While the intensity and uncertainty of the initial stages of the response to COVID-19 may have eased just a little bit, there is still a need to remain vigilant and prepared, as we head in to winter and what is traditionally the busy ‘flu season’.
Exactly how that manifests this year remains to be seen. Will physical distancing measures continue to limit the spread of the flu as well? Will emergency department presentations return to “normal” as lockdown measures are gradually eased? Will the dreaded ‘second wave’ of COVID-19 eventuate?
There are still many unknowns, but we do know that as emergency physicians we remain poised to deal with any eventuality. We appear to have got ourselves on a life raft, just uncertain which way to paddle it, unlike colleagues in UK, Europe and the US who are still floundering in the water. There were a million new cases worldwide in the last week, 90 in Australia and none in New Zealand.
Something else we know as we continue to contend with the coronavirus, is that we cannot afford to go back to chronically overcrowded and access blocked emergency departments. There must be no going back.
There are already issues re-emerging in Tasmania, as well as reports coming from other locations. We know about the dangers posed by access blocked and overcrowded emergency departments to staff and patients, even without a pandemic to contend with. Adding in the complexities and infection risks posed by COVID-19 in overcrowded EDs, the returning to such dire situations becomes even more dangerous and unacceptable.
With the health of our systems having a significant impact on the wellbeing and wellness of emergency department staff, seeking to address these issues will remain a key advocacy priority for the College as we move ahead.
Speaking of wellness, it is crucially important that we all maintain a focus on this; be it as individuals, through the College, or via our peer, family and friendship networks, particularly given all that we have already been through this year.
This conversation is timely also in light of this year’s CrazySocks4Docs Day (5 June), which is once again supported by ACEM. The day, started by Victorian cardiologist Dr Geoff Toogood, is an important opportunity to encourage conversations about mental health and help reduce the stigma for doctors experiencing mental illness.
While notions of wellness, and what works will be different for everybody, a diverse array of options are available, to help find the balance, resources and support needed, as we continue striving to address burnout and its impact in our field of emergency medicine.
One such support is our College, underpinned by its core values of Equity, Respect, Integrity and Collaboration, and shaped by the diverse voices of its members and trainees. Our College is there because of, and for, its members and trainees; and within, there exist many opportunities to get involved, make a difference and contribute to the change you would like to see. There are many who state that the antidote to burnout is engagement.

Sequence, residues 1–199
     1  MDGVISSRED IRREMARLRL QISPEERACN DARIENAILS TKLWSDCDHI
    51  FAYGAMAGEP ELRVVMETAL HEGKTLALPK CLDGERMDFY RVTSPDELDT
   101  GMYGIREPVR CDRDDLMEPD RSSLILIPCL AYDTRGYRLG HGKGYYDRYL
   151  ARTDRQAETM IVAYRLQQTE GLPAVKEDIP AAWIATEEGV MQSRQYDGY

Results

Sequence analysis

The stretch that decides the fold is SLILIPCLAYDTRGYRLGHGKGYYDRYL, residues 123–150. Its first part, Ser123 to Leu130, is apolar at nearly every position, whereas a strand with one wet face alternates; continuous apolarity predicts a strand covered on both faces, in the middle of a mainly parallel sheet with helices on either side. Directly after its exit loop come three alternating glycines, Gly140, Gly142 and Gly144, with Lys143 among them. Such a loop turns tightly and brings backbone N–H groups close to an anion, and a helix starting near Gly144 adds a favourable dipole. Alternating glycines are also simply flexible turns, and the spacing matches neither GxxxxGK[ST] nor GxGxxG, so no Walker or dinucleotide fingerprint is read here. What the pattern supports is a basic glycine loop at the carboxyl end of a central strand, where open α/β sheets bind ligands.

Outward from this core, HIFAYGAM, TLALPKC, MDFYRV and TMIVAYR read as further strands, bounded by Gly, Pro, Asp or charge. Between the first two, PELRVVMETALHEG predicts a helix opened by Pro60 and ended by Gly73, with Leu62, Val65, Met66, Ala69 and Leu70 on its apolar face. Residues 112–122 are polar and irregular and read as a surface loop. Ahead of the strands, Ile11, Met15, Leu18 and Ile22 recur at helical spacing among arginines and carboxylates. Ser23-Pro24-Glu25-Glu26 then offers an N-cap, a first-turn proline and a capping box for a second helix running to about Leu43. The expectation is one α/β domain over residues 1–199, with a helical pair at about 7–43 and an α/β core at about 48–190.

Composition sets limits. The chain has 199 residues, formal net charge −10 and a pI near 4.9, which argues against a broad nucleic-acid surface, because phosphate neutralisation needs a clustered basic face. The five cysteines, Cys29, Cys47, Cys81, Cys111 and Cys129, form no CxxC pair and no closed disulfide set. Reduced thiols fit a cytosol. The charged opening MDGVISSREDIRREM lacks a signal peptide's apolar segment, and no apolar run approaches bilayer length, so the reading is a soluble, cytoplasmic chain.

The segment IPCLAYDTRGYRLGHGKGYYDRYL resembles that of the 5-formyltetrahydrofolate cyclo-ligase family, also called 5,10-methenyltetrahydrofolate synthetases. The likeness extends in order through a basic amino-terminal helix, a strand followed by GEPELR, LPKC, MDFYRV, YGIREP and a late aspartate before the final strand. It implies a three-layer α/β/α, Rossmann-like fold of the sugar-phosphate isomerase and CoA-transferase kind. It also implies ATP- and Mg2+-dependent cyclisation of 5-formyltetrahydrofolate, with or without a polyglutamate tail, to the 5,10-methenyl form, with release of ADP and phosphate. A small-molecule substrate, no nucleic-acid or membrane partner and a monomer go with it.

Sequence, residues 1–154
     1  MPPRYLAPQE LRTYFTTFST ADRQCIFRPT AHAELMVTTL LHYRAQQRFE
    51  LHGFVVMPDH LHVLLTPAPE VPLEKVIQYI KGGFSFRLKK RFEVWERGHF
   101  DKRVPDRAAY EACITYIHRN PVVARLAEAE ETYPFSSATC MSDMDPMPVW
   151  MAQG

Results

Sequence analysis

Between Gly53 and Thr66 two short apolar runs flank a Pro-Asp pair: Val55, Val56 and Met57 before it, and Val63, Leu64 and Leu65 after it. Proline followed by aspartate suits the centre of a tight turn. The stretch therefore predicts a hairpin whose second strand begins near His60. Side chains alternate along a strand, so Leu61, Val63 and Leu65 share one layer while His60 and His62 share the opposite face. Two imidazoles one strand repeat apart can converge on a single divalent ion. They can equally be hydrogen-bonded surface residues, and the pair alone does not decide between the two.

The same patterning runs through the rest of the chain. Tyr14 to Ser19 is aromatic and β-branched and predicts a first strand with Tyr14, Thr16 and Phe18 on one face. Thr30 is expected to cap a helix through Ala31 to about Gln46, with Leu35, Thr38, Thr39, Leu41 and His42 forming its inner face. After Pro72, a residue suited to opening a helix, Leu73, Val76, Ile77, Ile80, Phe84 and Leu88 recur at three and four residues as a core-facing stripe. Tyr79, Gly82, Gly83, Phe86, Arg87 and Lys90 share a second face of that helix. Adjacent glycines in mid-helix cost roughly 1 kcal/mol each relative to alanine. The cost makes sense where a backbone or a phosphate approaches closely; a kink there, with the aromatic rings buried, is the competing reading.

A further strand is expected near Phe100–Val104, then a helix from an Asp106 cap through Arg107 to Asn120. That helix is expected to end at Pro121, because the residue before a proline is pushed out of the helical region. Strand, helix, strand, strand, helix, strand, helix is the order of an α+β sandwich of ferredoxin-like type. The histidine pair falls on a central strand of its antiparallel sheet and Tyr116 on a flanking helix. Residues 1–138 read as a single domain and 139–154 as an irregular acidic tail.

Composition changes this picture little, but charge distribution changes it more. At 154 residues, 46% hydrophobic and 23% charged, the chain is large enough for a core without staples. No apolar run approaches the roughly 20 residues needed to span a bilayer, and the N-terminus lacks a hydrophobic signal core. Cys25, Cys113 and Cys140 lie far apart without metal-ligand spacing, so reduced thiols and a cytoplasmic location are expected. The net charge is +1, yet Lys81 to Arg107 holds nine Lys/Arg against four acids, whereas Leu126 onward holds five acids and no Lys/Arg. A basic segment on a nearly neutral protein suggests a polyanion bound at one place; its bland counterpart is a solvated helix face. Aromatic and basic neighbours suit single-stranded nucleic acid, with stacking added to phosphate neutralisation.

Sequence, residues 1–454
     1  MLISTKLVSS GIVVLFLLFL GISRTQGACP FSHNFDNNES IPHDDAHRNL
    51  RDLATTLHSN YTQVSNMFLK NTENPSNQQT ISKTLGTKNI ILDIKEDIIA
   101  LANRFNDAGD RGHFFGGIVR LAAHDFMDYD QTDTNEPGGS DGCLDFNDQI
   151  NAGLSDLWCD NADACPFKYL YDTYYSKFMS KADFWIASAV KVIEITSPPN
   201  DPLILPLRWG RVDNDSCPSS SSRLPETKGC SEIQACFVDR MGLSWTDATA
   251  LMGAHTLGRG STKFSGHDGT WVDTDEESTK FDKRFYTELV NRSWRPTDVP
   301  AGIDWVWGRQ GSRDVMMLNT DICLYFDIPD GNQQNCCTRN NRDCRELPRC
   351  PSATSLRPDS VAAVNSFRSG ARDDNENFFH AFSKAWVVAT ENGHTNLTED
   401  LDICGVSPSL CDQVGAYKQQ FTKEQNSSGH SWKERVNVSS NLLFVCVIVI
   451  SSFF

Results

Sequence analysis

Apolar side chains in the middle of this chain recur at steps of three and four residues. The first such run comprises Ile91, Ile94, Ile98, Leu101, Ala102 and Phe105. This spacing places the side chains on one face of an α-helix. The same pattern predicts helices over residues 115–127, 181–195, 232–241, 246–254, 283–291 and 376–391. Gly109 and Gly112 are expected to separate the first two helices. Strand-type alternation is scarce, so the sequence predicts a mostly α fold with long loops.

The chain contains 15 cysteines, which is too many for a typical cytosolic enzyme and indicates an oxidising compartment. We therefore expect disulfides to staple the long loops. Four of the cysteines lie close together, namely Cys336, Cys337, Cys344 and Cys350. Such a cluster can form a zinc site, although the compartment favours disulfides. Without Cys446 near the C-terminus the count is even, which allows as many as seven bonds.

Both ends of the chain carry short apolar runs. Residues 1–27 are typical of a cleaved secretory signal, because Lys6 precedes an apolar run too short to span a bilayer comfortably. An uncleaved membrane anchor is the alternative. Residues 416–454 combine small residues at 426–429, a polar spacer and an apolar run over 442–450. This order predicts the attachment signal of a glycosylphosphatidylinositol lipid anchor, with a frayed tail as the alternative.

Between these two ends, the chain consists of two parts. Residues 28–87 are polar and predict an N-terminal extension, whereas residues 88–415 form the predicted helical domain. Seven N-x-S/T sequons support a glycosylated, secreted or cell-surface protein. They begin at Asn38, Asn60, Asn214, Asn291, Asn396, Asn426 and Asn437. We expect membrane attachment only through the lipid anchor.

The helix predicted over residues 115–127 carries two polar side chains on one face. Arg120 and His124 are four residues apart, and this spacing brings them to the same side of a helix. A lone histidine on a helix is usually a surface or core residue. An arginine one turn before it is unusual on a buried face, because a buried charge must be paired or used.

Another important undertaking to get underway very shortly, is that ACEM will be seeking support from FACEMs on a special resolution to include a new object in the College Constitution; to explicitly state the College’s commitment to excellence and equity in emergency care for Aboriginal, Torres Strait Islander and Māori people in Australia and Aotearoa New Zealand.
While the College has long ascribed to these sentiments, this will be an opportunity to formalise ACEM’s commitment in our Constitution, when it comes to meeting the healthcare needs of the indigenous peoples of our nations, and truly embody the College’s Core Values.
This is an important step for the College, and furthers work undertaken over the last decade to improve cultural safety and work with First Nations peoples to address health inequities. This will be conducted by a postal ballot from June 22, so please keep an eye out for further information and details. I encourage all Fellows to get involved, and on board with this important statement.
It is timely that this undertaking from the College will come not long after this year’s National Reconciliation Week (27 May – 3 June), in Australia, a time to reflect on and learn about our shared histories, cultures and achievements and to explore how each of us can join the national reconciliation effort.
All of this serves to remind us of the important part we all have to play in the business of reconciliation, and the roles and responsibilities we hold in addressing the healthcare needs and outcomes of indigenous peoples across Australia and Aotearoa New Zealand, including through the College’s Reconcilaition Action Plan and Te Rautaki Manaaki Mana: Excellence in Emergency Care for Māori.
In signing off, I would like to once again reinforce the importance of kindness, civility and compassion in all that we do. These notions can be lifesaving; reducing errors, cynicism, burnout, absenteeism, while improving teamwork, patient safety and outcomes.
It has been a tough last six months; bushfires, the Whakaari White Island eruption, and a global pandemic. Amidst it all, our shared humanity prevails, and we will continue to support one another.
Thank you, as always, for the work that you do.
Kia kaha – be strong
Dr John Bonning